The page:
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MacArthur Torpedoes Truman’s Peace Initiative in Korea

Excerpt from Korea: The First War We Lost, by Bevin Alexander, pages 405-07

Background: The Chinese entered the Korean War in November 1950 and drove United Nations forces back below Seoul in January 1951. By March 1951 UN troops had advanced back north to about the 38th parallel.

The approach to the 38th parallel gave the Truman administration an opportunity to offer the Chinese a cease-fire. The status quo ante had effectively been restored....President Truman decided to issue a public declaration that the UN Command was willing to consider a cease-fire, and on March 19 [1951] the Joint Chiefs and Secretaries Acheson and Marshall discussed a draft declaration that had been prepared by the Department of State. In the next few days this draft was circulated to some United Nations governments for their reaction and approval.

The American plan again was to offer a cease-fire without prejudicing the U.S. position in regard to Taiwan or the admission of Red China to the United Nations. But the administration and the Joint Chiefs saw a cease-fire as a strong possibility for a political solution in Korea at least and a likelihood that fighting would not resume....

On March 20, the Joint Chiefs alerted General MacArthur as to what was happening with the following message: “State planning Presidential announcement shortly that, with clearing of bulk of South Korea of aggressors, United Nations now prepared to discuss conditions of settlement in Korea. Strong UN feeling persists that further diplomatic effort towards settlement should be made before any advance with major forces north of the 38th parallel. Time will be required to determine diplomatic reactions and permit new negotiations that may develop....”

That is where matters lay. MacArthur knew the United States was seeking a cease-fire and was diligently searching out the views of its allies. The President of the United States was preparing to broadcast a message to the Chinese Communists offering peace and a measure of conciliation. A chance to end the war seemed to be at hand.

Three days later, without notice to anyone in the United States, General MacArthur issued his own statement: it ranks among the most blatant acts in history of a field commander defying the instructions of superior authority and the established policy of the nation he serves.

MacArthur’s statement was released to the public on March 24 Far East time. Besides usurping the authority of the President of the United States, MacArthur put down the Chinese with an arrogant, belittling statement which could only be interpreted by Beijing as a virtual ultimatum threatening extension of the war unless Red China sued for peace.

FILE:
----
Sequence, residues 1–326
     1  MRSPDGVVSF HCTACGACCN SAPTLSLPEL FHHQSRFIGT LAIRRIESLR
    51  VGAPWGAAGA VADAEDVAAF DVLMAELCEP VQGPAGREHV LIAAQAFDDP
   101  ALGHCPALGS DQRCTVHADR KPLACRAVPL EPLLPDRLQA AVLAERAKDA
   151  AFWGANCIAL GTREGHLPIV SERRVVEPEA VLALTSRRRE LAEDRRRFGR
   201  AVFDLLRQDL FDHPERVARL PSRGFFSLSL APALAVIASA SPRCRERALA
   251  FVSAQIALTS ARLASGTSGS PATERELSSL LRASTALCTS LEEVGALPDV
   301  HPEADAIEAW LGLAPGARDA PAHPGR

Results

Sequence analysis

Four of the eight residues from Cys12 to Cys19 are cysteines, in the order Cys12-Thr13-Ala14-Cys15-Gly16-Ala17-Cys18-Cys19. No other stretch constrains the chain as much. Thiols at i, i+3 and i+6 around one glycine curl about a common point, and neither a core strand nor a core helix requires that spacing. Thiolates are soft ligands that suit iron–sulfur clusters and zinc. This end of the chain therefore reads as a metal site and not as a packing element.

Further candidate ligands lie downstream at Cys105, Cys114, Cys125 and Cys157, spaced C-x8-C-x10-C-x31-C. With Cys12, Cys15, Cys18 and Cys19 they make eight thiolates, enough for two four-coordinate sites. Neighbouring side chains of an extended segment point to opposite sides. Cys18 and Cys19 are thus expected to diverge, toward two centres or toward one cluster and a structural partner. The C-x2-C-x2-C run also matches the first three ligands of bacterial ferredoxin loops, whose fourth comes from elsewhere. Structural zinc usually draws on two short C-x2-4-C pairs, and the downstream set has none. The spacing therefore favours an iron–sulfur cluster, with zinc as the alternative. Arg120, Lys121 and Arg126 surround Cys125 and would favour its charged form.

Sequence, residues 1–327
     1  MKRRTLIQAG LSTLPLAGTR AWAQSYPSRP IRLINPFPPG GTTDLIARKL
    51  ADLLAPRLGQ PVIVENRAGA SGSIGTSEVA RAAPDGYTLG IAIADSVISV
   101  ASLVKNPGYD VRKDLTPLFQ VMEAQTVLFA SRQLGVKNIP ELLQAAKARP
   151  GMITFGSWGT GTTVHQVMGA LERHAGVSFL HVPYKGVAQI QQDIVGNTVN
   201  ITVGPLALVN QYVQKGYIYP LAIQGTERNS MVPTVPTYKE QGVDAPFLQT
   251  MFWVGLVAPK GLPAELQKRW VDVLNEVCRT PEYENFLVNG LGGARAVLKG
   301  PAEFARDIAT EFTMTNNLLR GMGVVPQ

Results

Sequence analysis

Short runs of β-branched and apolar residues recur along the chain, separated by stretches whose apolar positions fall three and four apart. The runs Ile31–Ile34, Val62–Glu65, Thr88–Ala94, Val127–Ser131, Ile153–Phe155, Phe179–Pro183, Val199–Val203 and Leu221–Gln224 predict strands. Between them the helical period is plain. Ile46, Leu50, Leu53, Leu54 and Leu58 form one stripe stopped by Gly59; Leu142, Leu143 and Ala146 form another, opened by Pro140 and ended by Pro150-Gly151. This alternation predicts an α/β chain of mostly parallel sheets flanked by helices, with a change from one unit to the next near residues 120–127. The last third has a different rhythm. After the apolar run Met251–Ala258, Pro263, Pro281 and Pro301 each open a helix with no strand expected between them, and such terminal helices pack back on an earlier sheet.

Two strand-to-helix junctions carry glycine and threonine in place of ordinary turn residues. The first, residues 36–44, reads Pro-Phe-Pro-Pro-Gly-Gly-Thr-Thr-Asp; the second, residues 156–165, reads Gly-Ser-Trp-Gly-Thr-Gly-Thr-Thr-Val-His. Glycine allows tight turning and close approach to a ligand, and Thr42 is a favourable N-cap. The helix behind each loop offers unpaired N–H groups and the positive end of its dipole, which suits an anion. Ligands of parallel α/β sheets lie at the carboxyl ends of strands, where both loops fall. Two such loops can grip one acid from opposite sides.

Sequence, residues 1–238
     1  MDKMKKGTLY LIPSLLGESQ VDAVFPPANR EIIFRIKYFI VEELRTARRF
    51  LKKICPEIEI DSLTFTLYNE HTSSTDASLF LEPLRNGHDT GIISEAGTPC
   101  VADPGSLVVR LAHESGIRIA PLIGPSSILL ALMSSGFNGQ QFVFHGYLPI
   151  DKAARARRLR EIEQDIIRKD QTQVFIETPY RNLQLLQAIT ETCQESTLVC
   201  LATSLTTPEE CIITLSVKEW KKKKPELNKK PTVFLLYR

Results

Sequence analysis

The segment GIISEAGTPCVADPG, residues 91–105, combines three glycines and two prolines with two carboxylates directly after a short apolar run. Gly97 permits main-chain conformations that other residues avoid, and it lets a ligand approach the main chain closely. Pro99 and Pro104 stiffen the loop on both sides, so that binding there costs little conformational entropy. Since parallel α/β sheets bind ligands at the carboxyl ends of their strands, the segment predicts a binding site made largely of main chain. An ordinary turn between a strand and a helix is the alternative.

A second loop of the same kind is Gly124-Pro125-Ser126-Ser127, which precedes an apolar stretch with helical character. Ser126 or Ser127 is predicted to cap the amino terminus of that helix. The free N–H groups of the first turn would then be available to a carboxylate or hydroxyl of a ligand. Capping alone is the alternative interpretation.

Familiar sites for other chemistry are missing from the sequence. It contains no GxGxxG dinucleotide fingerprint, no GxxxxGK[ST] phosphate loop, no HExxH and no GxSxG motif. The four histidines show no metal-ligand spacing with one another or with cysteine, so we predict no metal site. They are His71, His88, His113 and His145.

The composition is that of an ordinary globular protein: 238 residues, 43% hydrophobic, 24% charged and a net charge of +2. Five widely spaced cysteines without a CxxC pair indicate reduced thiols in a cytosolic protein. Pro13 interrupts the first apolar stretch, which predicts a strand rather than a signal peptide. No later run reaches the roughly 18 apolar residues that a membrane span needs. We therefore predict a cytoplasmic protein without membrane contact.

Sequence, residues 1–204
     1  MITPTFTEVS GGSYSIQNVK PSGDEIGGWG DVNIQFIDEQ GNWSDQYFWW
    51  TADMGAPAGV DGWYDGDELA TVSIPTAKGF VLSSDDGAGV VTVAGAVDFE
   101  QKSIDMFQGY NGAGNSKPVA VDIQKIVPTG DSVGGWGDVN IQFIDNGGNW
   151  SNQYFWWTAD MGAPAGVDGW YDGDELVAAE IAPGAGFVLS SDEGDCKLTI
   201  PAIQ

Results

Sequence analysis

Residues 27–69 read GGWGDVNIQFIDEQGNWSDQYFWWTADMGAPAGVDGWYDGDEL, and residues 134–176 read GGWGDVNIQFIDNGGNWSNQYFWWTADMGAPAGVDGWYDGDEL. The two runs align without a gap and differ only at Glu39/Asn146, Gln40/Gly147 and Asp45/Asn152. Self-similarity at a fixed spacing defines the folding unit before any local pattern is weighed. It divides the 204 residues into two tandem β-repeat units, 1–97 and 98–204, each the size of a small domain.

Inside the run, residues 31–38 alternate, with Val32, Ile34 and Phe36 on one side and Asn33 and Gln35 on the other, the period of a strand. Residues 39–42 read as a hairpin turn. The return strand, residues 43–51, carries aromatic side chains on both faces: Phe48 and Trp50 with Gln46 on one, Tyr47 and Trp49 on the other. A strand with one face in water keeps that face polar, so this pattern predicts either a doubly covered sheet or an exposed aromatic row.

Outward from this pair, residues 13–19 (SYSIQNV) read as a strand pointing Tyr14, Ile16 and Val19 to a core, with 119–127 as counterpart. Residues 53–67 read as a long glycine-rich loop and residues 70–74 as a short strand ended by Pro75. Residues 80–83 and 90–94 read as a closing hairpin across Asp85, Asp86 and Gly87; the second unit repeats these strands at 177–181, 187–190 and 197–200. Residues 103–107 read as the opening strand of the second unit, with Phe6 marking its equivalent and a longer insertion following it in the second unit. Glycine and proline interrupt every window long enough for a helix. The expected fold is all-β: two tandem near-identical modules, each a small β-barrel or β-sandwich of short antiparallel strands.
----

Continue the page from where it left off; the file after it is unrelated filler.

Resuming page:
MacArthur’s message proclaimed that, “even under inhibitions which now restrict the activity of the United Nations forces and the corresponding military advantages which accrue to Red China, it has shown its complete inability to accomplish by force of arms the conquest of Korea.” MacArthur said, however, “the fundamental questions continue to be political in nature and must find their answer in the diplomatic sphere.” MacArthur continued: “The enemy therefore must now be painfully aware that a decision of the United Nations to depart from its tolerant effort to contain the war to the area of Korea through expansion of our military operations to his coastal areas and interior bases would doom Red China to the risks of imminent military collapse....Within my area of authority as military commander, however, it should be needless to say I stand ready at any time to confer in the field with the commander in chief of the enemy forces in an earnest effort to find any military means whereby the realization of the political objectives of the United Nations in Korea, to which no nation may justly take exception, might be accomplished without further bloodshed.”

MacArthur had found a way to torpedo Truman’s peace initiative, and he used it. Truman’s offer could not now be made, especially as a flood of inquiries poured in from allies asking whether U.S. policy had changed.

Although MacArthur disclaimed it, the evidence is preponderant that MacArthur deliberately decided to hazard making national policy on his own. He had argued in favor of expanding the war against China. He knew the Truman administration opposed this course, and he saw the new Truman initiative would close that door. His virtual ultimatum to China was issued only days after he learned of Truman’s plans. The coincidence is too great to ignore.

[Truman, after getting agreement from his senior advisers and the Joint Chiefs of Staff, dismissed MacArthur on April 11, 1951, and replaced him with General Matthew B. Ridgway.]

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